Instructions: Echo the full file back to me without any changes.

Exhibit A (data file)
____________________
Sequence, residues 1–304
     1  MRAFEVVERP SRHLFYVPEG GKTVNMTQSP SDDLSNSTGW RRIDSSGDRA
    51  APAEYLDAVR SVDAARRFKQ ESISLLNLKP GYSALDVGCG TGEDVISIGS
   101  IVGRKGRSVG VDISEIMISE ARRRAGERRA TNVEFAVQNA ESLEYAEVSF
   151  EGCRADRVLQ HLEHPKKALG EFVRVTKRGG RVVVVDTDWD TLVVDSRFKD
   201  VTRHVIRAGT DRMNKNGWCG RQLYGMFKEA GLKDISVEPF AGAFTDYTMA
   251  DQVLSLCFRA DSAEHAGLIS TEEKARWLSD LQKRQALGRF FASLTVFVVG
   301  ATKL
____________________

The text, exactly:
Sequence, residues 1–304
     1  MRAFEVVERP SRHLFYVPEG GKTVNMTQSP SDDLSNSTGW RRIDSSGDRA
    51  APAEYLDAVR SVDAARRFKQ ESISLLNLKP GYSALDVGCG TGEDVISIGS
   101  IVGRKGRSVG VDISEIMISE ARRRAGERRA TNVEFAVQNA ESLEYAEVSF
   151  EGCRADRVLQ HLEHPKKALG EFVRVTKRGG RVVVVDTDWD TLVVDSRFKD
   201  VTRHVIRAGT DRMNKNGWCG RQLYGMFKEA GLKDISVEPF AGAFTDYTMA
   251  DQVLSLCFRA DSAEHAGLIS TEEKARWLSD LQKRQALGRF FASLTVFVVG
   301  ATKL